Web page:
When David Butow set out to photograph Buddhist culture, he learned that Buddhism isn’t just captured in the subject of a photo, but in the act of taking it.
In 2012, David Butow ventured to find the parallels between his work as a photojournalist and one of his most enchanting inspirations: Buddhism. One year and ten countries later, Butow produced a stunning series called “Seeing Buddha.” Says Butow about the project,
Most spiritual literature is filled with the words “see” or “vision” to describe the transcendent experience. I became intrigued by parallels of my work with those seeking spiritual awareness in practice and visual design. By making spiritual transcendence the very subject of a project, could the photographs “see” beyond the superficial?
Many of the photos in the series embody Buddhism not just in their subject matter, but in their technique. As a photographer, Butow cultivated awareness, compassion and discipline, resulting in a series that deeply expresses Buddhist experience. Butow’s photos have been featured in the New York Times and National Geographic.
In this Q&A, Butow explains how he found Buddhism as a subject, and how he used it as an inspiration.
In this series, what were you trying to capture?
I wanted to go to the places where Buddhism started or is the dominant religion and try to capture the variety of ways it’s practiced, and also show how Buddhist concepts are reflected in the visual aesthetics of those cultures. Also, from a more conceptual standpoint I was trying to make a link between the process of photography and my own interpretation of Buddhist ideas and the experience of the subjects in the photographs.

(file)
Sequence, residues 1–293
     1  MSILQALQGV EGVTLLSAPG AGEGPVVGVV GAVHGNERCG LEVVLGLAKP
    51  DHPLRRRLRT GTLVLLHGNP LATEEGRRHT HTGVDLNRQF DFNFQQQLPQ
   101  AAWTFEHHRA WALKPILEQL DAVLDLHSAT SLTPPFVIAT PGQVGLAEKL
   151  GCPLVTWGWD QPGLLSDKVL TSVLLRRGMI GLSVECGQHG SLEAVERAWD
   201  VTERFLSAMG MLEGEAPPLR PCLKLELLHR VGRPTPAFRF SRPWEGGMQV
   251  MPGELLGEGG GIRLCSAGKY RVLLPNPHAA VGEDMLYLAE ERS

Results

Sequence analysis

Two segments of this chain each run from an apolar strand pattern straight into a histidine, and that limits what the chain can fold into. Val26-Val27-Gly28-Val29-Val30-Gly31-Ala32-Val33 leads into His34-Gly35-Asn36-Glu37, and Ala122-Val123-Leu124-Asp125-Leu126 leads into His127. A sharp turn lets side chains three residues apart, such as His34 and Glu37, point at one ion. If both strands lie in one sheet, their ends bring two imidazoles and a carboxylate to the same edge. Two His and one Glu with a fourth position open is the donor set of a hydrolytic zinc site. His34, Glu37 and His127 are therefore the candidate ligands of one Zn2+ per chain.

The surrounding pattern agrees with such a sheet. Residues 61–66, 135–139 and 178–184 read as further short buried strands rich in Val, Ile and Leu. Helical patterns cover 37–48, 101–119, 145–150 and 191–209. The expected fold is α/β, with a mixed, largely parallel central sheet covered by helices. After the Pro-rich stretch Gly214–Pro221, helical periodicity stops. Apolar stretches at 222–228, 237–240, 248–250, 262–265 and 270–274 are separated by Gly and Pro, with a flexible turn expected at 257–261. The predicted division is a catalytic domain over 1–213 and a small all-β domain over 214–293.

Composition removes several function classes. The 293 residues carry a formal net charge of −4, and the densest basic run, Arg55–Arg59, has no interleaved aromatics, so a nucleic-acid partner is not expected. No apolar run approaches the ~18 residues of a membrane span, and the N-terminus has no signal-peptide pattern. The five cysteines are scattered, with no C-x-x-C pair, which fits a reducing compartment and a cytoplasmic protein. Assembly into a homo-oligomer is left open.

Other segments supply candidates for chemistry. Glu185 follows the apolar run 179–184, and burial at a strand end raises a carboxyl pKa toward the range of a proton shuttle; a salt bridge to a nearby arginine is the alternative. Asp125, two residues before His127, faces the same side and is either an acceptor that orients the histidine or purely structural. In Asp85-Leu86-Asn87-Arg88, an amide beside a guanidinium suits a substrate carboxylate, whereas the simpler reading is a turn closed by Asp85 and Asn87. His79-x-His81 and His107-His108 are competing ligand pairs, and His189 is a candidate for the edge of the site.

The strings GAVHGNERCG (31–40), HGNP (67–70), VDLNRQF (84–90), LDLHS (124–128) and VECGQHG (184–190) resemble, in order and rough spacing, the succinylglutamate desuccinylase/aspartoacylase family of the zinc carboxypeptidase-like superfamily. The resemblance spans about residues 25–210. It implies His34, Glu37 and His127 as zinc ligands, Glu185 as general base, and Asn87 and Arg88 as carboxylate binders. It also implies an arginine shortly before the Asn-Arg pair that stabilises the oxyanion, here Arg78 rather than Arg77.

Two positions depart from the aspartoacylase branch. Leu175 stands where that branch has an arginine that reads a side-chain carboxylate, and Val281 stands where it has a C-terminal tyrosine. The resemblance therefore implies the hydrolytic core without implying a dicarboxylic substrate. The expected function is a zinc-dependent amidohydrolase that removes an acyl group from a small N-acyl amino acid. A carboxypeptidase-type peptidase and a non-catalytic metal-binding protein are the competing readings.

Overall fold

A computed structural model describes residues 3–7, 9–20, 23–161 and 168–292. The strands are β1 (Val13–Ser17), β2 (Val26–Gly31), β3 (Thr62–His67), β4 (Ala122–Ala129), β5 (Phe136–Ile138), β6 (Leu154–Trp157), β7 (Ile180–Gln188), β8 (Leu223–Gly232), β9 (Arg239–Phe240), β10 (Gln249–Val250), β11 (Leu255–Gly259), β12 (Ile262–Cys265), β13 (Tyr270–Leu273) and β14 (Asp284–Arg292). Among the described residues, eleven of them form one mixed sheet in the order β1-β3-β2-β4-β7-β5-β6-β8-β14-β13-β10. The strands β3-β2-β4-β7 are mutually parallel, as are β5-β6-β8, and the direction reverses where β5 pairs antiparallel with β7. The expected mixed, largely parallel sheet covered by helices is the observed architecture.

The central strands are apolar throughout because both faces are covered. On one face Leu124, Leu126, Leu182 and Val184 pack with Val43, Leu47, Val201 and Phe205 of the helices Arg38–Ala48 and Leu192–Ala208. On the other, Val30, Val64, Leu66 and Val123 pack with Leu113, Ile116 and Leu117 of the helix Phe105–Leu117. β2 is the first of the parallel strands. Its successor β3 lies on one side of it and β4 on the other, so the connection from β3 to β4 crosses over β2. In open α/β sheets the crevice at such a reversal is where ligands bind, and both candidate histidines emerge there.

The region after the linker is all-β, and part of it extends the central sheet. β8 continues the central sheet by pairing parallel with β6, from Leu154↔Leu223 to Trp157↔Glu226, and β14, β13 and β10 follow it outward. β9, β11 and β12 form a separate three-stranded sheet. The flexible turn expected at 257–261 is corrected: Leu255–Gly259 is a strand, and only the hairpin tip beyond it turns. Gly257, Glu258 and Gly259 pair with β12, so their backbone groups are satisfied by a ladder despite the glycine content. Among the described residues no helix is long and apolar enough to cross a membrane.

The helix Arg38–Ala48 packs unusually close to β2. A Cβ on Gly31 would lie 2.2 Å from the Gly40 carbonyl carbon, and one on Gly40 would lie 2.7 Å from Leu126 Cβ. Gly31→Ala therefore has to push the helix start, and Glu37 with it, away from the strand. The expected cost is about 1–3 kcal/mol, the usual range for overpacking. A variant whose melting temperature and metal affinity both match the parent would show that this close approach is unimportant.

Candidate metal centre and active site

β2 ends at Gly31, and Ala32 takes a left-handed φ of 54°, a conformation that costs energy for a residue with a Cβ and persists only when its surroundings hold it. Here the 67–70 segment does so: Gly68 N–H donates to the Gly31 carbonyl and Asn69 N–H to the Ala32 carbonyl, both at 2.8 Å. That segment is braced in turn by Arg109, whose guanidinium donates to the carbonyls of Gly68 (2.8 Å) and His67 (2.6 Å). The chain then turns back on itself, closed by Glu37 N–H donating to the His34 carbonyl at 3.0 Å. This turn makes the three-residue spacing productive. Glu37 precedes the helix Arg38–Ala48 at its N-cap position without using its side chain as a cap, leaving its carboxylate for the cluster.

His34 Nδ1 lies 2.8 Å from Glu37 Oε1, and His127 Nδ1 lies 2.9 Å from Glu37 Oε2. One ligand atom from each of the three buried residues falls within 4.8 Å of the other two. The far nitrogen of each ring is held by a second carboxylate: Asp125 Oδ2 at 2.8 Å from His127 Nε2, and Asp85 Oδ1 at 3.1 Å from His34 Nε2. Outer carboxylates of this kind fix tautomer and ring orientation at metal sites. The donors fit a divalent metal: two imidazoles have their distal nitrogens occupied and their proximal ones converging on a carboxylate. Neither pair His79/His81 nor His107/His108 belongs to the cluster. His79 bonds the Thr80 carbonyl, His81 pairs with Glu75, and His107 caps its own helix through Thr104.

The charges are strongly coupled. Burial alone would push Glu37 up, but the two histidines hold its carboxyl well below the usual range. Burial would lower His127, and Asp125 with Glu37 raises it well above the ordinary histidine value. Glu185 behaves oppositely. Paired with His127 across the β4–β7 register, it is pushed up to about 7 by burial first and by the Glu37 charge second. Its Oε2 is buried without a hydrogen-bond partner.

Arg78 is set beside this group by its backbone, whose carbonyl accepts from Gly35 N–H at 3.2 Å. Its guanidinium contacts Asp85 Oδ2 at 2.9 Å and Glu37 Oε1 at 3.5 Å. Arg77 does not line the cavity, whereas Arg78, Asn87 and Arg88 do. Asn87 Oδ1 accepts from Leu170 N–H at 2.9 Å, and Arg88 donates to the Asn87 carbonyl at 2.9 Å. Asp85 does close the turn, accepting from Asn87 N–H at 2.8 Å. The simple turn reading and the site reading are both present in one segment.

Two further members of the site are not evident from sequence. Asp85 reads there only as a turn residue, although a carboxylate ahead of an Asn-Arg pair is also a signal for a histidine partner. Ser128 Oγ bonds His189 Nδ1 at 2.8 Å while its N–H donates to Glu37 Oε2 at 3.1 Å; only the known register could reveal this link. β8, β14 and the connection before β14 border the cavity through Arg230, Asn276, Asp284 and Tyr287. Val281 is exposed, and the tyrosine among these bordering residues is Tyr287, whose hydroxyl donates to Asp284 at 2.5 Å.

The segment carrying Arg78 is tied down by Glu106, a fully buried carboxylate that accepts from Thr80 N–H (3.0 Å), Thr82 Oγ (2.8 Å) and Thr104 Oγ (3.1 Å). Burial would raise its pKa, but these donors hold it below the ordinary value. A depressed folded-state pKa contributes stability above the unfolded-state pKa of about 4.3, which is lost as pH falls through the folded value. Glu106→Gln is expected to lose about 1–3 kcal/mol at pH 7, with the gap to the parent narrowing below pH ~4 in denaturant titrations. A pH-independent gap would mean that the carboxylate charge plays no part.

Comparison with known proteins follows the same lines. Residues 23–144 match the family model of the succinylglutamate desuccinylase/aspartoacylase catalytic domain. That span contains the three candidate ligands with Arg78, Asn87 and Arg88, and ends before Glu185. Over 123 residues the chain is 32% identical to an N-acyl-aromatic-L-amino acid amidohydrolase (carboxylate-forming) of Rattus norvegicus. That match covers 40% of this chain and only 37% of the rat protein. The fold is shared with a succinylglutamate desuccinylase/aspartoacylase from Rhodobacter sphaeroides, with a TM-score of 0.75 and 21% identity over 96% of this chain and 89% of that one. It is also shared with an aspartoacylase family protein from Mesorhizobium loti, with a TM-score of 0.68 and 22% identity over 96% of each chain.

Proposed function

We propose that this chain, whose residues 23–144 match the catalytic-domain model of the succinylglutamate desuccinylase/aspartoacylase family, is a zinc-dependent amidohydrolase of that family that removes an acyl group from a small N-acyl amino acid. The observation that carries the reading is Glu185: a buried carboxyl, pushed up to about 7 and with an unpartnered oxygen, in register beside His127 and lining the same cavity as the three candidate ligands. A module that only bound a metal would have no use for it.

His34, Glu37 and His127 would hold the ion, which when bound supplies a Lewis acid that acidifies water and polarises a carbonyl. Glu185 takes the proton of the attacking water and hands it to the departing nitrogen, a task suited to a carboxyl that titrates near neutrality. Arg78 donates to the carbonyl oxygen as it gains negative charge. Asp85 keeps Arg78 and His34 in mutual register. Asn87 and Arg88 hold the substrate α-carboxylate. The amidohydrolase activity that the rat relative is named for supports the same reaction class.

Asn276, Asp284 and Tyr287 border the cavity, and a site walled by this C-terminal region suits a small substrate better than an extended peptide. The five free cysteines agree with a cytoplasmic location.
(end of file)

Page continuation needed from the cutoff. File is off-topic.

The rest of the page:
Why did you choose to explore Buddhism with your photography?
I thought it would be interesting to acknowledge and explore the idea of the transcendent experience while shooting and make Buddhism itself – the practice and aesthetics – the subjects of the pictures. Also, for me part of the attraction of being a photographer is that it gives me an excuse to explore places that I’m curious about. I was very curious about what Buddhism looks like today in the places like Bodhgaya and Sri Lanka where it was practiced over 2000 years ago.
You write about capturing a photo “in the decisive moment,” with a “heightened level of awareness.” Can you show me some photos that you think you’ve captured in that moment? What was it about that moment that put you in that mindset?
This picture was taken on New Year’s day at Golden Rock in Burma. The picture shows a scene of people praying inside a small building with the pagoda of the temple reflected in the window in front of them. So the viewer is seeing the people, and what they are seeing.
The fact that it’s the start of the year also appeals to me because at those times we are all reflecting on the events of the past year and trying to imagine what the next year will bring. You’re very aware of the present moment, and that that moment contains both the past and the future. The haziness and reflection seems to me to acknowledge this transient experience of being present physically, but also seeking another experience that brings us outside ourselves.
Can you explain how you were influenced by Henri Cartier-Bresson and “Zen in the Art of Archery?”
Cartier-Bresson has been my photographic hero since I was a teenager. His combination of sense of geometry, timing and sensibility of the human condition were, for his time, unparalleled. “Zen and the Art of Archery” appealed to him because it describes the moment of shooting an arrow, and by proxy shooting a picture, to be almost an unconscious act when done well.